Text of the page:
I see a lot of questions on this site, that are not properly framed. We get several every day that ask for a basic understanding of a doctrine or view point without a narrowing convention.

This makes me thing of a basic Stack Overflow question asking principal: "Show us your code, and tell us where you're stuck." This is best summarized in the comment "What have you tried?"

The essential message is "we don't write code for you" and the reading behind that is that we're not here to give you all the answers, we want to help you solve your specific problem and help you learn something along the way.

Is there a similar minimum standard we should hold questioners to on this site? What should our minimum research effort be? We've talked a lot about what makes a good question, and what makes a good answer, but ultimately, where is the line in the sand for "this question shows a fundamental lack of research effort?"

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This could also serve as a question in which to develop a standardish response for asking for more information on a poorly researched or scoped question if folks want to do that instead. –  wax eagle Jul 22 '13 at 2:48
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My two cents: According to Whom –  David Stratton Jul 22 '13 at 5:34
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Over at sci-fi we had a similar issue in the early days. I saw lots of people asking questions that could easily be answered on Wikipedia or on other wikis dedicated to the topic in the question. I found this annoying because often the answers were just copy / pastes of the original article and I was thinking - what are we adding here?

So I asked How should we handle questions that are easily answered by Wikipedia?

Borror0 posted a brilliant answer which included this flowchart:

Borror0's "should we answer this" flowchart

Jeff Attwood liked it so much he wrote a blog article about it: Are Some Questions Too Simple?

So I suggest we use this here. The "what have you tried?" test becomes this flowchart. Users will be expected to do some basic research. If not, we can close the question as "general reference".

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+1 for the google test. If you can google a user's question, and if a good sample of relevant answers can be spotted on the first page, it is clear enough research has not been done. I wonder though, is it okay to ask a known question simply for having a refreshing perspective, as the key with many scriptures or doctrines, is refreshing our perspective and seeing how the teachings are still applicable today. –  treehau5 Aug 2 '13 at 18:46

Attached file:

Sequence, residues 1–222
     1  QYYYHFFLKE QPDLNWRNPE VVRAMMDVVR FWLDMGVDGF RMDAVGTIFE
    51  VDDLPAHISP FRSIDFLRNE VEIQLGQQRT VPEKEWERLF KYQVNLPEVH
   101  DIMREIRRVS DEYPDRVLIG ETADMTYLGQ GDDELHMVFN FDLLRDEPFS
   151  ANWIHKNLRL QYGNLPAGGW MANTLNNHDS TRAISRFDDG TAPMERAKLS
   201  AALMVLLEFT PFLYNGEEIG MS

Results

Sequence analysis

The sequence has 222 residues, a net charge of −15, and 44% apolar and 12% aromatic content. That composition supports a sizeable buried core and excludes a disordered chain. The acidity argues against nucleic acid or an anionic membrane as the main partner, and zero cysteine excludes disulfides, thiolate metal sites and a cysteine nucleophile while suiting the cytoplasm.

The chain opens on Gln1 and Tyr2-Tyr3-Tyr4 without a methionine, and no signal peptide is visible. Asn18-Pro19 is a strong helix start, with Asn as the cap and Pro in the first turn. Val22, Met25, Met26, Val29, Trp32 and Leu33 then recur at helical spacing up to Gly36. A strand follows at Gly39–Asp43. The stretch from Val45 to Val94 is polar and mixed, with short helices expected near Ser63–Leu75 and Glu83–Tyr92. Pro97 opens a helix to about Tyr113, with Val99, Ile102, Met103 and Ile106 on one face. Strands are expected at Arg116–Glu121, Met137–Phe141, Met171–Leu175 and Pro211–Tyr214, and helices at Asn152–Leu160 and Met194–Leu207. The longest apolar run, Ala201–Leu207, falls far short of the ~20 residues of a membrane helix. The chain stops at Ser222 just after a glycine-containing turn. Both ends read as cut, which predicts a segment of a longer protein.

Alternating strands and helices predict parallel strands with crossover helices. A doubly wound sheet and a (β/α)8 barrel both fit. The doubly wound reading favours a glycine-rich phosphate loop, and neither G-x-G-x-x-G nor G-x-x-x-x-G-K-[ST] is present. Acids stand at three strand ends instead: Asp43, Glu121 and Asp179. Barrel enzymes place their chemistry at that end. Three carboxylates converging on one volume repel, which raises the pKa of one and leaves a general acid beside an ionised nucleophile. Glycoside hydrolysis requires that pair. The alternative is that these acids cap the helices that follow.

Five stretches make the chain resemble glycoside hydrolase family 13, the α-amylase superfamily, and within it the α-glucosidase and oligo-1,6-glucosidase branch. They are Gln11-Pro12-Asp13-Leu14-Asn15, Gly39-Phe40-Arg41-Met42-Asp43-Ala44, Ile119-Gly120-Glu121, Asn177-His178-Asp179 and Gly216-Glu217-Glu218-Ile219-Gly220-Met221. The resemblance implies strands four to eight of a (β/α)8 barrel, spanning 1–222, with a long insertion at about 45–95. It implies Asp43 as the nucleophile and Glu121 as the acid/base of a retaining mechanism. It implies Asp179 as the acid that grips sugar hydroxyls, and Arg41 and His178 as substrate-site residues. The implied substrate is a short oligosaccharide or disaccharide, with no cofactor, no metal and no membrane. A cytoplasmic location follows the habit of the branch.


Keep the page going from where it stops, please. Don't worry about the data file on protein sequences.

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@treehau5: I think that fits into the "interesting" category above which is what makes this graph so brilliant. –  Wikis Aug 2 '13 at 18:56
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I think that line is hard to draw.

Certainly, I think many of us are inclined to say that if it is easily googleable then it is not a real question. More specifically, if the answer is clearly in Wikipedia then it is not a real question. (When I say real question I mean that they actually tried to find the answer first instead of just popped in to ask us something that just popped in their head).

However, sometimes Wikipedia or some other first page google search might be comprehensive, but it is a very complicated topic. Basically, I am saying that there is a correlation between how specific the question is and how much the asker already knows about the subject.

So we should judge on a case-by-case basis. If it is a general question without a doctrinal perspective given then I think it is clear that the asker did not research the topic already and likely does not know the protocols here yet. It is this case we should VTC. If it is a specific question like this one (which lead to more questions like it) then we should leave it open because it is clear that the asker did some research and it trying to understand what he already knows about it.

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One of the purposes of SE would be to get the information out there. Some of the best questions I've seen were Q&A'ed by the same person. Suppose there were an hour gap between typing the Q and the A: would we beat on them for not showing their work? Indeed, it seems that some of the best wordings for questions would be the most Google-able, only here we have expert answers rated by expert answers. Unlike the software communities, C.SE. isn't as much ruined by a "good homework question."

The question here seems to be looking for another tool with which to peck at bad people.

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That's not it at all. What I'm struggling with is how to explain to people that their question is too broad/unanswerable/improperly scoped in a way that's friendly and communicates the problem well. –  wax eagle Jul 30 '13 at 12:27
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